SEATTLE – The case of Albert Virachismith, a former special education assistant in Seattle, is the kind that makes parents cringe. According to school district documents, at John Muir Elementary School the principal and teachers knew he often showed up reeking of alcohol and spent time coloring in the back of a classroom, instead of tending the special-needs child to whom he had been assigned.
But when the school district attempted to fire him in 2017, the teachers union pushed back, saying the 41-year-old had an addiction and deserved treatment – not termination. He was soon reinstated.
“This was a substance abuse case, and addiction is a disease that can be treated,” said Linda Mullen, a spokeswoman for the Washington Education Association. “The vast majority of people would say that’s reasonable.”
Her response hardly reassures parents like Daniela Hall, a former president of the Seattle Special Education PTSA, who questions having an alcoholic – even one undergoing treatment – supervise a special-needs child. On at least one occasion, the odor of alcohol on Virachismith was so strong that staffers asked him to leave the school building.
Yet, not until last January, when district documents show that a 9-year-old boy accused the four-year employee of sexual assault, was the instructional assistant – by now demoted to substitute – fired, and his case turned over to police. By then, Virachismith had had access to thousands of kids in nine Seattle schools.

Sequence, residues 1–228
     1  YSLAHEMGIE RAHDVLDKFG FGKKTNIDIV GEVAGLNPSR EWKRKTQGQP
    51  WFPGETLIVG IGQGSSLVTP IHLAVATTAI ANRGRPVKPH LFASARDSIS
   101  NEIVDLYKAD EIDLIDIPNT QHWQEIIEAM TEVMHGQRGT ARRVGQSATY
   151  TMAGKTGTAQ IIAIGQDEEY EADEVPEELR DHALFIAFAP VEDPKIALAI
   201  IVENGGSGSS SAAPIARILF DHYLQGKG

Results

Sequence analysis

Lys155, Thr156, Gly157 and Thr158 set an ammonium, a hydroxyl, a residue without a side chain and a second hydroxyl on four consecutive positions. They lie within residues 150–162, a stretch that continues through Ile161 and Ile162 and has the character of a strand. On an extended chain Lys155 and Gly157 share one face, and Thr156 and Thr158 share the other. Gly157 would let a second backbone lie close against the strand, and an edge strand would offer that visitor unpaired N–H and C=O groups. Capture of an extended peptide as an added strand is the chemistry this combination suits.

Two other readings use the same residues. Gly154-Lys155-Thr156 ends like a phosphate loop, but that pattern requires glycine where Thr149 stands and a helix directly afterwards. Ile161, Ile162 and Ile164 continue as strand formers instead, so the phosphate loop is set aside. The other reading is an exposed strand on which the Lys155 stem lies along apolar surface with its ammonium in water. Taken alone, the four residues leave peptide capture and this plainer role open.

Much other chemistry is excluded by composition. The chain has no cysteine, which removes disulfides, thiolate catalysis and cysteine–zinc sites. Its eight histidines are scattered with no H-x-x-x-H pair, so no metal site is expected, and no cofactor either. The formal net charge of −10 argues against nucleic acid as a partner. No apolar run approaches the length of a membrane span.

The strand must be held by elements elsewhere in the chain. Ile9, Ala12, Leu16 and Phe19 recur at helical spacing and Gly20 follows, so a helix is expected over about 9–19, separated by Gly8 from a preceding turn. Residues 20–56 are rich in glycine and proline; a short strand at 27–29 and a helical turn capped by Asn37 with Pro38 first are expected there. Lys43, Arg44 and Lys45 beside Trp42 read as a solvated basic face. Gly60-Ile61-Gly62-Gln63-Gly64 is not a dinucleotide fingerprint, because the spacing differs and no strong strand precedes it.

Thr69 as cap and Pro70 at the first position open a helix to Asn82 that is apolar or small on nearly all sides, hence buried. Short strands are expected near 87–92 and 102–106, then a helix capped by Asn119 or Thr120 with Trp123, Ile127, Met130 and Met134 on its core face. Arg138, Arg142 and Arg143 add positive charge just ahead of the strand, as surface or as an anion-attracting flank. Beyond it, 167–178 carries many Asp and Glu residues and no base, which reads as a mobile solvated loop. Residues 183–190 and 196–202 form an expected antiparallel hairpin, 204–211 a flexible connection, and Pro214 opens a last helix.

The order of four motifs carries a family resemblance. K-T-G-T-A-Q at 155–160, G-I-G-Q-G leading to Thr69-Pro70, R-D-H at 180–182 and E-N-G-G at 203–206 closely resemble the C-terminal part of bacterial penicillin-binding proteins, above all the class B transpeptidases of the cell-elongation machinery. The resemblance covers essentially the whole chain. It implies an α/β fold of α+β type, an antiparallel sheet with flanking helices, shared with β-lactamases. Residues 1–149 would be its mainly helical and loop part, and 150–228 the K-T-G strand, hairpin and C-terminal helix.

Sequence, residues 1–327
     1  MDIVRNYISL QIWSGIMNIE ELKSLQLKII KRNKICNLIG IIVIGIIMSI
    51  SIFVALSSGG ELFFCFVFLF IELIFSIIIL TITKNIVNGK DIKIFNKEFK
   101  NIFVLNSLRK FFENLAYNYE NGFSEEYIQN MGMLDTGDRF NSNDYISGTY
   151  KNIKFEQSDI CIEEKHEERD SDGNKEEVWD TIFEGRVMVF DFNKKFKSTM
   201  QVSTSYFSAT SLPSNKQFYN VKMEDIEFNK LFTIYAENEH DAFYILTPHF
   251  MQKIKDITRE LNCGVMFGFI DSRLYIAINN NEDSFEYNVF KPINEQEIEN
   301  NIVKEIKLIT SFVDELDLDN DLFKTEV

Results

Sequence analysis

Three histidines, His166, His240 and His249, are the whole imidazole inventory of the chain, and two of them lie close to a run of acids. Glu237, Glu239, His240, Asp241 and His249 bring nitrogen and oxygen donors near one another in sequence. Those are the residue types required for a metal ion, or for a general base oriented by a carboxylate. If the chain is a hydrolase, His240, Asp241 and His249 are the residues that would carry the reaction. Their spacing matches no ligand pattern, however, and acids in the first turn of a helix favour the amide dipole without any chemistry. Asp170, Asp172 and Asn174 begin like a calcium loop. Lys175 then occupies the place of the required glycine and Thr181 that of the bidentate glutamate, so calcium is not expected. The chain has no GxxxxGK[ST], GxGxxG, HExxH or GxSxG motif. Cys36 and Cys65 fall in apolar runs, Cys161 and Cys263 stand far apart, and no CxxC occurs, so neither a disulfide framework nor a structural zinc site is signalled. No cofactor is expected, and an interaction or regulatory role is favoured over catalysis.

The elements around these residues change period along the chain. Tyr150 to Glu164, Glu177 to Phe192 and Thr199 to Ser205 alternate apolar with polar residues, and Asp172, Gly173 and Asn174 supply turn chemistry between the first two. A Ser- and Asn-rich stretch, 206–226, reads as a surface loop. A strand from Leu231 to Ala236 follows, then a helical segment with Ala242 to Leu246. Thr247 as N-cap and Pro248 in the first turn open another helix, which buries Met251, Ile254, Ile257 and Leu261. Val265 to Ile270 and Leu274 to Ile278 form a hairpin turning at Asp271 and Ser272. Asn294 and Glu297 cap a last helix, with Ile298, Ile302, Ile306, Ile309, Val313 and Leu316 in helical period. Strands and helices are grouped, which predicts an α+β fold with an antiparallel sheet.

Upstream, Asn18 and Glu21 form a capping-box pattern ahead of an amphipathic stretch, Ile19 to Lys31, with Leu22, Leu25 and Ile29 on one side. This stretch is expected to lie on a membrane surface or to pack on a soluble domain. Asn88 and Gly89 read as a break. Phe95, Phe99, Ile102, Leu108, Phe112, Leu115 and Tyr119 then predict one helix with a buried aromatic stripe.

“This was an egregious safety violation,” Hall said. “I think everyone would agree to due process, but if they’re endangering little kids, at what point does due process run out and you fire the person? I mean, we’re not talking about flipping hamburgers. You’re working with children! Isn’t there a zero-tolerance policy?”
The school district has declined to comment, except to say that they “continue to support the Seattle Police Department and Prosecutor’s Office on all criminal proceedings.” Virachismith was arrested and has been held in the King County Jail since Feb. 2. He pleaded not guilty.
Documents show that Virachismith failed urine tests and violated other rules of his “Last Chance” agreement. But for more than two months, the district took no disciplinary action.
Mullen says Seattle Public Schools failed in its most basic responsibility.
“When he failed the urine test, everyone should have expected his job to be over. It was up to the district to act,” she said.
All of the schools where Virachismith worked – nine total – serve a high population of low-income families. Parent advocates focused on equity say it’s no accident that an employee with such a problematic record would be assigned to the city’s south end.
“He was at schools where parents are working two or three jobs and can’t be there to volunteer,” said Sebrena Burr, former president of the Seattle PTA Council. “That’s how he was able to get access to vulnerable kids. This should never have happened. But too often in education, we think about the adults’ rights.”